The Canadian National Railway said Tuesday it will accelerate the upgrade of 74 miles of track in Wisconsin to handle growing demand for sand shipments used in hydraulic fracturing of shale formations by oil and gas developers in the Bakken region of North Dakota, Montana, and southern Canada, and elsewhere.
The railroad is investing $33 million to install heavier gauge track capable of supporting rail cars weighing 286,000 pounds between Wisconsin Rapids and Blair, which will increase the volume per car and allow for increased train speeds. The work, which began last year, will now be done in three years rather than four.
The track upgrades will benefit customers Badger Mining Corp., Preferred Sands of Wisconsin LLC, Atlas Resin Proppants LLC and Taylor Frac LLC.
Last year, CN also began a $35 million upgrade of almost 40 miles of track between Ladysmith and Barron, Wis., to restore service to Barron and serve sand processing plants.
The Bakken shale has become one of the largest oil producing regions in the United States. Increasing production levels have diminished the United States' need for imported oil and led energy experts to predict that the nation will soon become a net exporter of crude oil.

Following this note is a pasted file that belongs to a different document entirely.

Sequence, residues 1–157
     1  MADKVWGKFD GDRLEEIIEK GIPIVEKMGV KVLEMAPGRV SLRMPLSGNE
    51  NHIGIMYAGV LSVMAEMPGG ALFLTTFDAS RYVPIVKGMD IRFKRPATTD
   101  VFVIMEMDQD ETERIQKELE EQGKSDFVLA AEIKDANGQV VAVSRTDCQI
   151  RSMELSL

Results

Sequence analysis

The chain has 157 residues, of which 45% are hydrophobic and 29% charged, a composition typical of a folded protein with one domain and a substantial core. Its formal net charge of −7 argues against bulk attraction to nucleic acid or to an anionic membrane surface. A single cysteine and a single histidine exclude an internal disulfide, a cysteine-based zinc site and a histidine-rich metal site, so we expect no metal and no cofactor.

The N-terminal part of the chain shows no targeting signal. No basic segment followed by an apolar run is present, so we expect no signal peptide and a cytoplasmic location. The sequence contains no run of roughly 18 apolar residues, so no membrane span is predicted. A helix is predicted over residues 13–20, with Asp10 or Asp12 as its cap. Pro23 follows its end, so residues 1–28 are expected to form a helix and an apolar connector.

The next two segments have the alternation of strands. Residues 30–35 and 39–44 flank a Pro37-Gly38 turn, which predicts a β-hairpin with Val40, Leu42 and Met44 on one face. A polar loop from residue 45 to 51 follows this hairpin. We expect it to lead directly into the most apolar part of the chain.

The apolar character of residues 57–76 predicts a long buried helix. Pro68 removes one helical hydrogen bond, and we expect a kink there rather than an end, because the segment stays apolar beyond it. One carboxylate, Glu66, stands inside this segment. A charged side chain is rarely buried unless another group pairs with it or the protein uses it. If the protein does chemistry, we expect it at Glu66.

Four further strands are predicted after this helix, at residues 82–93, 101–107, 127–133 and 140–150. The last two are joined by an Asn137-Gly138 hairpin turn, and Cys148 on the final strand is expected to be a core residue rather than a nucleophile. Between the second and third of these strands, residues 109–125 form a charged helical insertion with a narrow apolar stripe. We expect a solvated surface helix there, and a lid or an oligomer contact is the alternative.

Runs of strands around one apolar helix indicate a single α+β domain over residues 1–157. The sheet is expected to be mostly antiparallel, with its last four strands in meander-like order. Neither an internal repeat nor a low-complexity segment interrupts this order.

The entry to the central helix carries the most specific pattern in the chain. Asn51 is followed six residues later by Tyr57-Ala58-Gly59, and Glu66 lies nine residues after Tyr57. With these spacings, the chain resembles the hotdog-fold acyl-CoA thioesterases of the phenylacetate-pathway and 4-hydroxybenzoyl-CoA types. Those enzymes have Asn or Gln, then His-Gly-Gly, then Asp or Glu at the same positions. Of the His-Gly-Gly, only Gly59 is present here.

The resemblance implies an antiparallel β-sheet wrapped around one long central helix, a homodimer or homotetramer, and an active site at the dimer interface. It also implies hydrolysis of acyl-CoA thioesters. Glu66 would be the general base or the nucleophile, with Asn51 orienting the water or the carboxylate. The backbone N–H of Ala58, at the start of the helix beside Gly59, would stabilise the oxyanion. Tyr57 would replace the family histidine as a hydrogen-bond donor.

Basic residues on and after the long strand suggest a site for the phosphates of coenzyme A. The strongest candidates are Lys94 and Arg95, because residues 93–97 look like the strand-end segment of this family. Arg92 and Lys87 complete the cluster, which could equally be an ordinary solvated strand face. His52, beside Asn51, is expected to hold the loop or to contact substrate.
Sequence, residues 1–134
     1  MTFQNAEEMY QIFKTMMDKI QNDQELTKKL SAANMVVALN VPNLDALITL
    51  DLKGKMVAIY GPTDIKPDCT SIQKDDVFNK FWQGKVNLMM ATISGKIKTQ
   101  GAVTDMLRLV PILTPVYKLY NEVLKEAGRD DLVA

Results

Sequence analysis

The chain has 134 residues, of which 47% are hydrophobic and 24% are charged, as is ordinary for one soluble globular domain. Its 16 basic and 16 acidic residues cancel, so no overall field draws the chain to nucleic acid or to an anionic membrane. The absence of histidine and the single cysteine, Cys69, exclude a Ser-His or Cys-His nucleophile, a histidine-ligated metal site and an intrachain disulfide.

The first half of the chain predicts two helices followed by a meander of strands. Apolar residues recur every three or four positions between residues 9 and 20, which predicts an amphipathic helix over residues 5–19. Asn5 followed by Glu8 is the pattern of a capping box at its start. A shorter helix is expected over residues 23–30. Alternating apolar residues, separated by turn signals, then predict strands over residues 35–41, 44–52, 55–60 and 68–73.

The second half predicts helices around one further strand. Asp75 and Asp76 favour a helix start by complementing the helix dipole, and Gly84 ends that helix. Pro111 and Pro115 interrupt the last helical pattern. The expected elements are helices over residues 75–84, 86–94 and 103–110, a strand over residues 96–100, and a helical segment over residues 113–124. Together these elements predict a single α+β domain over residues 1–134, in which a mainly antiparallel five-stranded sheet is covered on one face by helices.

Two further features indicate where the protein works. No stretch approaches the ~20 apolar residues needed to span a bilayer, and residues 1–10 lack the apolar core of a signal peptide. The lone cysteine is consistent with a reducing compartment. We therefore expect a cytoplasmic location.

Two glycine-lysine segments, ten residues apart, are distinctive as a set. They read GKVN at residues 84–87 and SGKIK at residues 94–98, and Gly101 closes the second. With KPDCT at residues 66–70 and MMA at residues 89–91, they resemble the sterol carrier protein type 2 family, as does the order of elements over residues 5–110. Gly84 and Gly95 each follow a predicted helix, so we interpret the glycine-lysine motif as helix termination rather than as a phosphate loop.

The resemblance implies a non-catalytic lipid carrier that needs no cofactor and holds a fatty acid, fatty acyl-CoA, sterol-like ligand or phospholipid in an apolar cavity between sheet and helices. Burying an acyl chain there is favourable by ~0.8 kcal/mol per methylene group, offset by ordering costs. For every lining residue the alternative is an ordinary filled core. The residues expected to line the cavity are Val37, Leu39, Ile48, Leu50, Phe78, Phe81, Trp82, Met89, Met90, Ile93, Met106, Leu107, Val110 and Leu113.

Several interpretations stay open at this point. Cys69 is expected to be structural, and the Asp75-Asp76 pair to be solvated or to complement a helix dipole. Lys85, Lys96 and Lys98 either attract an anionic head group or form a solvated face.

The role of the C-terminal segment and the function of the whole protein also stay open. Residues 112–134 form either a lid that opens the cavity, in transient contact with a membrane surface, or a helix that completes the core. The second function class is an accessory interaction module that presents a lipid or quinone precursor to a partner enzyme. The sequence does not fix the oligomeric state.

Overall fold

Shale oil and gas development is also occurring in Ohio, Pennsylvania, Texas and other parts of the country.
Shale formations are injected with high pressure water and chemicals and specialized sand is pumped in to help keep the fissures open so gas and oil and can flow out to the wellbore.
"We have significantly increased the frac sand production capacity at our Taylor, Wis., facility, and CN's Whitehall Subdivision improvement will enhance our ability to efficiently move this production to both existing and new customers and markets," Stephen Hart, executive vice president of Badger Mining, said in the CN announcement.
Read "Steel-Wheeled Pipeline
" and the online sidebar "Where the 'frac' is my tank?
" in the January issue of American Shipper
to learn more about the logistics requirements for oil and gas shale development, including the transportation of "frac sand." - Eric Kulisch